TWO avowed footballing idealists, Marcelo Bielsa and Tony Mowbray have a lot more in common than their previous status as central defenders in their playing days.
When questioned on his coaching inspirations, the former cites luminaries such as Rinus Michels – the father of ‘Total Football’ – and Arrigo Sacchi as shining lights, while Mowbray, who famously used to take the train from Ipswich to London to attend midweek Arsenal matches in days gone by, is a self-confessed devotee to the methods of Arsene Wenger.
They have stuck by him and he has stuck by himself and we have all stuck by him.Tyler Roberts on Patrick Bamford
Principled football men they may be, but both know enough about the Championship to realise that sometimes, you have to be pragmatic to get to your destination. Especially on cold, dank November afternoons.
Speak to Leeds supporters and there will be talk of them having played better last season in an enlightening campaign of re-awakening.
But this season is ultimately all about substance as opposed to style. If you can win with a swagger, all well and good, Yet failing that, just win. It is a points business as Leeds well know.
Leeds did that for the fourth consecutive time at Elland Road and as with previous victories over QPR, Birmingham City and West Bromwich, this was not without its imperfections.
Yet on a day when rivals Albion, Preston, Fulham and Nottingham Forest also triumphed, United did what they had to do.
Not that the day was without a bonus or two. The sight of Patrick Bamford reacquainting himself with the goals trail for the first time since August 24 was handy and Jack Harrison’s second goal on successive Saturdays further showcased a player who is not short of confidence these days.
For the most part, though, it cannot be denied that Saturday was a bit of an arm wrestle.
Leeds – after netting twice in the first half at Elland Road for the first time since March 1 – tantalisingly hinted at filling their boots in front of their own punters, before falling away in a laboured second period.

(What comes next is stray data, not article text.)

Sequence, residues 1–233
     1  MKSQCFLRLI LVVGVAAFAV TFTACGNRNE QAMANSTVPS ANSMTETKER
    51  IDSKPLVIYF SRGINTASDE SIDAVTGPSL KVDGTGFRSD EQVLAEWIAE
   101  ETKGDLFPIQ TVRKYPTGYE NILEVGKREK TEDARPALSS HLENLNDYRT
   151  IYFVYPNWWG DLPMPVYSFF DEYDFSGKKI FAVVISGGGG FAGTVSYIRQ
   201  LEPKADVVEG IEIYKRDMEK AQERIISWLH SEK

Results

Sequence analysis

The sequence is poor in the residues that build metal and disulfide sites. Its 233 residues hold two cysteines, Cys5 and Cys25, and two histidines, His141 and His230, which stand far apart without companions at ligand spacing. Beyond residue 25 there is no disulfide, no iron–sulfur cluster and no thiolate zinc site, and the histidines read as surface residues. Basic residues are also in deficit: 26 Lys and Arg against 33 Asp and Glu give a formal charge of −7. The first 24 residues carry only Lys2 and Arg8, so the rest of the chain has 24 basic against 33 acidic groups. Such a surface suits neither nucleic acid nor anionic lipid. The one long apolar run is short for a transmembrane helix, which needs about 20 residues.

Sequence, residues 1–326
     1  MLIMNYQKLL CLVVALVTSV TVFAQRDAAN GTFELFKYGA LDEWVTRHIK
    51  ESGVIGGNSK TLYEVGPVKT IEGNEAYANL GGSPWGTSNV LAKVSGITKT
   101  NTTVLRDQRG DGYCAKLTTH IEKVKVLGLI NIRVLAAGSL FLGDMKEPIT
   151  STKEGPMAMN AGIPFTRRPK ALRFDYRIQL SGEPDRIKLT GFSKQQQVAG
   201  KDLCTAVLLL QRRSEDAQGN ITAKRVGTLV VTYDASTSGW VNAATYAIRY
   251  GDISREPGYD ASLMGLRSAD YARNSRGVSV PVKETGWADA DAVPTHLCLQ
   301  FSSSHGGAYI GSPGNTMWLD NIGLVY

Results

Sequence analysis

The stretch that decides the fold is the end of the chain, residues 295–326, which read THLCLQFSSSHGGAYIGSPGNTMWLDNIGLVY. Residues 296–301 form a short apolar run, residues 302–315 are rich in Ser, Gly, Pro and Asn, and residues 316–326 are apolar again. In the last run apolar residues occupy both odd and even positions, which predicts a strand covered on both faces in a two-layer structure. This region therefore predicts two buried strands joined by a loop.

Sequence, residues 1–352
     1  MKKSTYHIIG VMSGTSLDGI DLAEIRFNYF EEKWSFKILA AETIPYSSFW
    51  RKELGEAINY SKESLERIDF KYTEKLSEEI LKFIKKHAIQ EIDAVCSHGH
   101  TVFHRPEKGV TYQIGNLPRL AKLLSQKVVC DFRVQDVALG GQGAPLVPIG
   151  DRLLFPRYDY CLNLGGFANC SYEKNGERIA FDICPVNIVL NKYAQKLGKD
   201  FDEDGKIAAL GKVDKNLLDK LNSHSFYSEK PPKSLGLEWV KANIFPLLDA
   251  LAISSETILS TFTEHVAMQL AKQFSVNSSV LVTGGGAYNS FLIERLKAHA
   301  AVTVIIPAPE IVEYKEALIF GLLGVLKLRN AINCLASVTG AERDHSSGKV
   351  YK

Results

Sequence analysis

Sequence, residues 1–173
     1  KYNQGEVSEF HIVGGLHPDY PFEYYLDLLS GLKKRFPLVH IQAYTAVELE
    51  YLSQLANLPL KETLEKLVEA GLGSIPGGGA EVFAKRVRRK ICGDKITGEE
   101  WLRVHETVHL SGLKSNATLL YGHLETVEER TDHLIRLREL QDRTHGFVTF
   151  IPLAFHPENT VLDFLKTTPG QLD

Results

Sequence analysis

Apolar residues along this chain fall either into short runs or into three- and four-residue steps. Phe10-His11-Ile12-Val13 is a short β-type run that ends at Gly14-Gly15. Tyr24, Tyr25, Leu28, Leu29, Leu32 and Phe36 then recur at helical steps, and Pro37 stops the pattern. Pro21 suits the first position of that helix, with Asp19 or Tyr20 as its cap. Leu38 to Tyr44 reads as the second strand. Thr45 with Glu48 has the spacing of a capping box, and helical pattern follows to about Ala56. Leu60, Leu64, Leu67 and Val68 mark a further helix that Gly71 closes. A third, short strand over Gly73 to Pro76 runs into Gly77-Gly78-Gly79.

Fortunately, the game management which is seeing them squeeze the life out of increasing numbers of second-tier opponents came to the fore. Net result – another victory, with Leeds being a point better off than last season’s class after 16 games.
Perhaps the biggest surprise was the fact that Leeds conceded a first-half league goal at Elland Road for the first time in 2019-20.
It proved a momentary aberration, in what constituted Blackburn’s sole effort on target.
Rovers had a team bonding day at a go-karting track last Monday. They were to hit the slow lane in West Yorkshire five days on.
Leeds were not spectacular, but they did not have to be. Instead, they are displaying traits of a side who are possessing an unerring knack of getting the job done as they continue to strive to make up for last season’s shattering finale.
Tyler Roberts observed: “Of course, it was not a nice feeling. It was a horrible feeling which stayed with you through the whole summer. But you have to try and keep motivated and believing that this can be the year.
“It (Elland Road) is a fortress this season and the fans have shown that and kept supporting and believing and it is a great place to be.
“Getting the three points is the main thing. We try to play well every week and in our style, but as long as we get the win, then it is the most important thing.”
Fresh from his strike the previous weekend, Roberts fancied his chances when United were awarded a spot-kick after Tosin Adarabioyo’s challenge on Luke Ayling following his clever pass.
Seniority won the day with Bamford assuming responsibility and his coolly-taken penalty proved it was the right call.
Roberts added: “I think he was desperate to have it. I also wanted it and that is just the way it goes.
“It was nice for him to get that feel of hitting the back of the net again and the fans were amazing. They have stuck by him and he has stuck by himself and we have all stuck by him.
“We know he is a great goal-scorer and I am sure that they will start coming in now.”
After doing the necessary from 12 yards, Bamford should have derived just as much pleasure from his sublime control and lay-off to set up Harrison’s goal soon after.
It constituted the one moment of class on a pretty forgettable occasion, with Harrison dutifully finishing low past Walton.
It looked for all the world like being a routine afternoon, only for Blackburn to produce a jolt five minutes before the break.
Stewart Downing’s zip and thrust may have gone these days, but his ability to whip in a decent deadball has not deserted him.
His outswinging corner caught United napping and Derrick Williams netted with a firm header.
Despite the food for thought, Leeds were never unduly troubled on the restart.
Indeed, the only frustration was their inability to kill the game with Harrison and Roberts going the closest.
But after two late goals on the previous Saturday against Sheffield Wednesday, there was no encore for Blackburn – and no last-gasp drama unlike the scarcely believable events of this fixture last season when Leeds scored two-stoppage time goals to register a crazy victory.
This was positively mundane in comparison, but three points all the same, with the only downer being the sight of Liam Cooper walking off gingerly on 72 minutes with what looked like a reoccurrence of a groin injury.